October 30 2011 0Comment
In-water-survey

Hull Fouling Control

Source: http://gcaptain.com/

BY FATHOMSHIPPING ON JUNE 23, 2013

«In the absence of hull fouling control systems, within six months of active service a vessel could have up to 150 kilograms of marine life per square meter attached to the hull. This obviously has huge fuel efficiency and bunker fuel cost implications. Even minor volumes of fouling can impact fuel efficiency by up to 40%. Therefore, reducing drag, or skin frictional resistance is vitally important to reducing ever-increasing bunker fuel costs. Loss of speed from moderate fouling, though less important in the age of super slow-steaming, can range between 10% to 18%.»

«BIMCO’s new clause tackles the hull fouling dilemma.

Under most standard forms of time charter party an owner is obliged to maintain his vessel throughout the charter period. Such maintenance includes keeping the vessel’s hull and other underwater parts free of fouling. If the owners fail to maintain the vessel and, as a result, the vessel’s performance is affected, the owners may be exposed to claims by the charterers for underperformance. With modern efficient hull coatings and relatively swift turnarounds in port, fouling should not be a major issue.

However, the owner’s maintenance obligation is based on the “normal” operation of the vessel that includes port stays of a reasonable determinable duration. If the charterers order the vessel to a port or place where it sits for a period in excess of what might be considered a “normal” duration and this results in hull fouling, should the owners still have to continue to warrant the performance of the vessel?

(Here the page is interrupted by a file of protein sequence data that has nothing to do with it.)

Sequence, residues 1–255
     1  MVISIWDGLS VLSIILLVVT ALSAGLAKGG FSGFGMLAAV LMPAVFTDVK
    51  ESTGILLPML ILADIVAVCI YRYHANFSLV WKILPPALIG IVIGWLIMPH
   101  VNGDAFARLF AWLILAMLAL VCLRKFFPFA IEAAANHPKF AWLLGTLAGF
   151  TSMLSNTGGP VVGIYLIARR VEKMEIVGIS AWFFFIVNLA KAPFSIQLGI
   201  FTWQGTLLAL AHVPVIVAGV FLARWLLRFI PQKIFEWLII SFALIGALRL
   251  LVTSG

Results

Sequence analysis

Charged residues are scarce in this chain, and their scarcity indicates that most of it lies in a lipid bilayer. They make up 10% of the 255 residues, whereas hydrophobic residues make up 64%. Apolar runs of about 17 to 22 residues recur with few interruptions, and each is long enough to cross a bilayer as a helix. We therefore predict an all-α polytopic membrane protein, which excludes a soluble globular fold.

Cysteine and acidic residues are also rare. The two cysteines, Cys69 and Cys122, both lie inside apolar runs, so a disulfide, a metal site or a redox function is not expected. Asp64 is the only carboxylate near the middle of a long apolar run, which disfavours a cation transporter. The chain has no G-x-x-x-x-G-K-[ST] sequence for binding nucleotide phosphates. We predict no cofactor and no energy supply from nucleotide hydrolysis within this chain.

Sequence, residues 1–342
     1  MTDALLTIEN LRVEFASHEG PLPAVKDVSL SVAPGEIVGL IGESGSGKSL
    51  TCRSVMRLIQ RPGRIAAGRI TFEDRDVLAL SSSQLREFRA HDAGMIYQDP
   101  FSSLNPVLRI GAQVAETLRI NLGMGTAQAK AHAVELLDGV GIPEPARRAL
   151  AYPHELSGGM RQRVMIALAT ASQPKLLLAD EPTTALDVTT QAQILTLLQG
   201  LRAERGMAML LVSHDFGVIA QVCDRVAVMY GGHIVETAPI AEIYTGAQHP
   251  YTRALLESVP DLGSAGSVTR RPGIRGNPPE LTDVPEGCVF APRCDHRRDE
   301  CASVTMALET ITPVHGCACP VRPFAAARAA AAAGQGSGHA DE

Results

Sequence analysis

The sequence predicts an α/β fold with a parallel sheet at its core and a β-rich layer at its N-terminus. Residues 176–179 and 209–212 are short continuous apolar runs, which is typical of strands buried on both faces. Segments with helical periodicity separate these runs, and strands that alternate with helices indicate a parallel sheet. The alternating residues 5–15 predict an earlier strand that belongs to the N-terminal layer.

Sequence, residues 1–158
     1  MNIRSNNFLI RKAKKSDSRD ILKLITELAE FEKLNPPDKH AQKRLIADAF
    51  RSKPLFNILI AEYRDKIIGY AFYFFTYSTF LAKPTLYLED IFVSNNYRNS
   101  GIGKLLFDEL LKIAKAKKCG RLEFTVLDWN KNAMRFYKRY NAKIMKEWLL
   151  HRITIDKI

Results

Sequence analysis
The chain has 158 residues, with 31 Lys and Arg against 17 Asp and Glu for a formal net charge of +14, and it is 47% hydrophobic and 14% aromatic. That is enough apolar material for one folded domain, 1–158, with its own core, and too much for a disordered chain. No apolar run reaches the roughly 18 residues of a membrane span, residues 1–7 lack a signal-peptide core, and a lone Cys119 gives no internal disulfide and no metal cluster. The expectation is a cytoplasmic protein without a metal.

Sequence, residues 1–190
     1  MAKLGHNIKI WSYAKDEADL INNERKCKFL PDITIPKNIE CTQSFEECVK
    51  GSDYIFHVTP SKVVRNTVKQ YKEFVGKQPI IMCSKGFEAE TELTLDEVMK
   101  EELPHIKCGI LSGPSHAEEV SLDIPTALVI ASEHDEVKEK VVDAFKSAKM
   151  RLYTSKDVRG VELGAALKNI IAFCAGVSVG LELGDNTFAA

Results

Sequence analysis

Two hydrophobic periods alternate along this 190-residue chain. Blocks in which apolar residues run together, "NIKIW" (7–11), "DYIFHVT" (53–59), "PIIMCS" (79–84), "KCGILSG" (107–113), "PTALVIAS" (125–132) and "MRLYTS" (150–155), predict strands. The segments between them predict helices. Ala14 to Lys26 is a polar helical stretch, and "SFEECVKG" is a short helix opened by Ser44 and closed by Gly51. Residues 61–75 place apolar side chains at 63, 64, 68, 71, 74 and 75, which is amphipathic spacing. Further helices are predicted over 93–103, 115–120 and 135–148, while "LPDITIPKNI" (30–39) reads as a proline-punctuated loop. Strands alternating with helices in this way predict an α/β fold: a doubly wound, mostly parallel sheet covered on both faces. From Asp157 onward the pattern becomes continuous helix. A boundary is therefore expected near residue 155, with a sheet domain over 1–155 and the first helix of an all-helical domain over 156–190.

Rider clauses dealing with hull fouling have been in widespread use in a number of trades for many years. They are generally fairly simplistic, stating only that if the vessel lies idle for more than an agreed number of days then the owners can suspend the performance warranty until the hull has been cleaned. Sometimes the costs for cleaning are passed to the charterers, but not always. As a result there is an inconsistent approach in the industry to dealing with hull fouling following prolonged stays in port on charterers’ orders. As the length of port stays has increased in recent years, this has often become a source of dispute between owners and charterers.

The clause distinguishes between idling in Tropical Zone waters, where the rate of growth is generally highest, and idling outside this zone. The parties are free to agree the number of days idling to apply in each area before the clause takes effect. If they cannot agree then 15 days applies by default.

Once the agreed number of days has lapsed, the vessel’s performance warranties are suspended until such time as the hull can be inspected and, if necessary, cleaned. It may well be that inspection and cleaning is not possible or permitted at the vessel’s current port of call – and the clause deals with this situation. If the hull is fouled then it is to be cleaned by the charterers at their cost and in their time – but in accordance with the paint manufacturers’ recommendations and under the supervision of the Master.

Finally, if it is not possible to clean the hull before the vessel is redelivered, then the clause provides for the owners to be compensated for the costs they will incur when eventually cleaning the hull.

The BIMCO Hull Fouling Clause has been drafted by a team of owners and charterers to ensure that the provision is appropriately balanced. Valuable technical input was provided by a representative from a major paint manufacturer. The Clause was adopted by the Documentary Committee at its meeting held on 27 May 2013 in Paris.»